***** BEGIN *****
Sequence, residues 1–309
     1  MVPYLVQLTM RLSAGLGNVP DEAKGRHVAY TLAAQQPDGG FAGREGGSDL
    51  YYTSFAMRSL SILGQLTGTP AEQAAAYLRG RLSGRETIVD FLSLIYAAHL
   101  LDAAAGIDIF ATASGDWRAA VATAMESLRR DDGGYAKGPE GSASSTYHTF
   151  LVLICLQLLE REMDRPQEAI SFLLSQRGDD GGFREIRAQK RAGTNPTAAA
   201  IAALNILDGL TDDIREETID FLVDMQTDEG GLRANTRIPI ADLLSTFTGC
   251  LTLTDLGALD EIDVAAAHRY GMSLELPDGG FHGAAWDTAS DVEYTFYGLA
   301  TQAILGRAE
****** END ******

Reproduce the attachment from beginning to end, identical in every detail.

Sequence, residues 1–309
     1  MVPYLVQLTM RLSAGLGNVP DEAKGRHVAY TLAAQQPDGG FAGREGGSDL
    51  YYTSFAMRSL SILGQLTGTP AEQAAAYLRG RLSGRETIVD FLSLIYAAHL
   101  LDAAAGIDIF ATASGDWRAA VATAMESLRR DDGGYAKGPE GSASSTYHTF
   151  LVLICLQLLE REMDRPQEAI SFLLSQRGDD GGFREIRAQK RAGTNPTAAA
   201  IAALNILDGL TDDIREETID FLVDMQTDEG GLRANTRIPI ADLLSTFTGC
   251  LTLTDLGALD EIDVAAAHRY GMSLELPDGG FHGAAWDTAS DVEYTFYGLA
   301  TQAILGRAE